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English courtier, statesman, wit and letter writer
(1694 - 1773)
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Not to perceive the little weaknesses and the idle but innocent affectations of the company may be allowable as a sort of polite duty. The company will be pleased with you if you do, and most probably will not be reformed by you if you do not.
      - [Politeness]

Nothing is more dissimilar than natural and acquired politeness. The first consists in a willing abnegation of self; the second in a compelled recollection of others.
      - [Politeness]

Nothing sharpens the arrow of sarcasm so keenly as the courtesy that polishes it; no reproach is like that we clothe with a smile and present with a bow.
      - [Manners]

One man affirms that he has rode post a hundred miles in six hours; probably it is a lie; but supposing it to be true, what then? Why, he is a very good post-boy; that is all. Another asserts, and probably not without oaths, that he has drunk six or eight bottles of wine at a sitting; out of charity I will believe him a liar; for if I do not, I must think him a beast.
      - [Boasting]

Polished brass will pass upon more people than rough gold.
      - [Appearance]

Prepare yourself for the world, as the athletes used to do for their exercises; oil your mind and your manners, to give them the necessary suppleness and flexibility; strength alone will not do.
      - [Manners]

Real friendship is a slow grower, and never thrives unless engrafted upon a stock of known and reciprocal merit.
      - [Friendship]

Real merit of any kind cannot long be concealed; it will be discovered, and nothing can depreciate it, but a man's exhibiting it himself. It may not always be rewarded as it ought; but it will always be known.
      - [Merit]

Sincerity is the most compendious wisdom.
      - [Sincerity]

Sincerity w the most compendious wisdom, an excellent instrument for the speedy despatch of business. It creates confidence in those we have to deal with, saves the labor of many inquiries, and brings things to an issue in few words.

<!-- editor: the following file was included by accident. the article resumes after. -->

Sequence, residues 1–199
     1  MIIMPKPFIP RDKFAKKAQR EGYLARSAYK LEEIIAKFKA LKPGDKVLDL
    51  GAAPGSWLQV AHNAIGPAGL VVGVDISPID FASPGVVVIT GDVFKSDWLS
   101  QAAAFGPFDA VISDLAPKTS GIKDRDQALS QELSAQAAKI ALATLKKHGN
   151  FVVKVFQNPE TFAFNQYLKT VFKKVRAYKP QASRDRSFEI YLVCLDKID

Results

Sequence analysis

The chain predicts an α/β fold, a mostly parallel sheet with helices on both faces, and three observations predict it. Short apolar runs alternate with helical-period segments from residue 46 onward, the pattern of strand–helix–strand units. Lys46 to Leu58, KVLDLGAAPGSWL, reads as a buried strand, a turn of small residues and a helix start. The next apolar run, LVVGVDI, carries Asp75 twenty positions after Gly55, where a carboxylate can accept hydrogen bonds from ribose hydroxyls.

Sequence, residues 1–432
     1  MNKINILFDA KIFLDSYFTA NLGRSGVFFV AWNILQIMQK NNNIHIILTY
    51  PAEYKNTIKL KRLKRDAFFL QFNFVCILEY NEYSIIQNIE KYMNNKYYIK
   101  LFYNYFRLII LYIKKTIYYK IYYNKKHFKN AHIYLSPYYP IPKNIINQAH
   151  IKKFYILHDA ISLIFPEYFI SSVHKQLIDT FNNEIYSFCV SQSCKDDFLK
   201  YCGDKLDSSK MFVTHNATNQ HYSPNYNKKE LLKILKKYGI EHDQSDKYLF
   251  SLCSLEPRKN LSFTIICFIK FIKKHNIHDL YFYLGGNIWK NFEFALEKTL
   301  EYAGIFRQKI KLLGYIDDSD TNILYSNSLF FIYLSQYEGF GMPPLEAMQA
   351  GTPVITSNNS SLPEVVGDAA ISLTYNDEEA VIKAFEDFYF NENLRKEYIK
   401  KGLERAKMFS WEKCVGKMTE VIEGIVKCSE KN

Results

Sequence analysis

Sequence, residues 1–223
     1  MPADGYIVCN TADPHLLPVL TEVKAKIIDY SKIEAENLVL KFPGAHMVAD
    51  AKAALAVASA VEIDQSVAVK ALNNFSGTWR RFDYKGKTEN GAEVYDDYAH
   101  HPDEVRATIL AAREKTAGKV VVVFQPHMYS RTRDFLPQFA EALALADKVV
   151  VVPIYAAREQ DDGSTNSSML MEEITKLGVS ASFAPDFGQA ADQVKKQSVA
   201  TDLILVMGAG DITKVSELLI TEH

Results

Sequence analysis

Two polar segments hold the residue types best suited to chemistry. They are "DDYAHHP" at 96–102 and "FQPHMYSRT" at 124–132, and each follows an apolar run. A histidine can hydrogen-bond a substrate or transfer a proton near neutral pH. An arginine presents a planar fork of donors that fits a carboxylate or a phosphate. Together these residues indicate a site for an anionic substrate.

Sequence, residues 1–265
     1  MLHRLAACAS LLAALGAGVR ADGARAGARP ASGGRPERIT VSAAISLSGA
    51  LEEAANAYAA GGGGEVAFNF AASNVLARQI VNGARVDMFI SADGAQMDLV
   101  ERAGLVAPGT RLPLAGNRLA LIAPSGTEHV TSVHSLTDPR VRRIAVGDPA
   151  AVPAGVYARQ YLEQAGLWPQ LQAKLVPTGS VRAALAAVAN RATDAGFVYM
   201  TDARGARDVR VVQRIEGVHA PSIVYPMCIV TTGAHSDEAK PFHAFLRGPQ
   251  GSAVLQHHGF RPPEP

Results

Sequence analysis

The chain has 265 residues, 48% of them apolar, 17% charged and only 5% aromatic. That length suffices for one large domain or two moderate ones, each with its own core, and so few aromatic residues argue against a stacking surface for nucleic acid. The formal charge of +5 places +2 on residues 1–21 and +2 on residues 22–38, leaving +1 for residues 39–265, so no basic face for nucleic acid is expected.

- [Sincerity]

Six, or at most seven, hours' sleep is, for a constancy, as much as you or anybody else can want; more is only laziness and dozing, and is, I am persuaded, both unwholesome and stupefying.
      - [Early Rising]

Take rather than give the tone to the company you are in. If you have parts you will show them more or less upon every subject; and if you have not, you had better talk sillily upon a subject of other people's than of your own choosing.
      - [Company]

Talk often, but never long; in that case, if you do not please, at least you are sure not to tire your hearers. Pay your own reckoning, but do not treat the whole company; this being one of the few cases in which people do not care to be treated, every one being fully convinced that he has wherewithal to pay.
      - [Talking]

The greatest powers cannot injure a man's character whose reputation is unblemished among his party.
      - [Politics]

The heart never grows better by age; I fear rather worse; always harder. A young liar will be an old one; and a young knave will only be a greater knave as he grows older.
      - [Age]

The insolent civility of a proud man is, if possible, more shocking than his rudeness could be; because he shows you, by his manner, that he thinks it mere condescension in him; and that his goodness alone bestows upon you what you have no pretense to claim.
      - [Civility]

The manner of a vulgar man has freedom without ease, and the manner of a gentleman has ease without freedom.
      - [Manners : Vulgarity]

The manner of your speaking is full as important as the matter, as more people have ears to be tickled than understandings to judge.
      - [Eloquence]

The most familiar and intimate habitudes, connections, friendships, require a degree of good-breeding both to preserve and cement them.
      - [Friendship]

The nature of our constitution makes eloquence more useful and more necessary in this country than in any other in Europe.
      - [Eloquence]

The receipt to make a speaker, and an applauded one too, is short and easy. Take common sense quantum sufficit; add a little application to the rules and orders of the House [of Commons], throw obvious thoughts in a new light, and make up the whole with a large quantity of purity, correctness and elegancy of style. Take it for granted that by far the greatest part of mankind neither analyze nor search to the bottom; they are incapable of penetrating deeper than the surface.
      - [Eloquence]

The reputation of generosity is to be purchased pretty cheap; it does not depend so much upon a man's general expense, as it does upon his giving handsomely where it is proper to give at all. A man, for instance, who should give a servant four shillings would pass for covetous, while he who gave him a crown would be reckoned generous; so that the difference of those two opposite characters turns upon one shilling.
      - [Generosity]

The scholar without good breeding is a pedant; the philosopher, a cynic; the soldier, a brute; and every man disagreeable.
      - [Good Breeding]

The world is a country which nobody ever yet knew by description; one must travel through it one's self to be acquainted with it.
      - [Traveling]

This picture, plac'd the busts between
  Gives Satire all its strength;
    Wisdom and Wit are little seen
      While Folly glares at length.
      - attributed to,
        on the portrait of Beau Nash placed between busts of Pope and Newton in Pump Room at Bath

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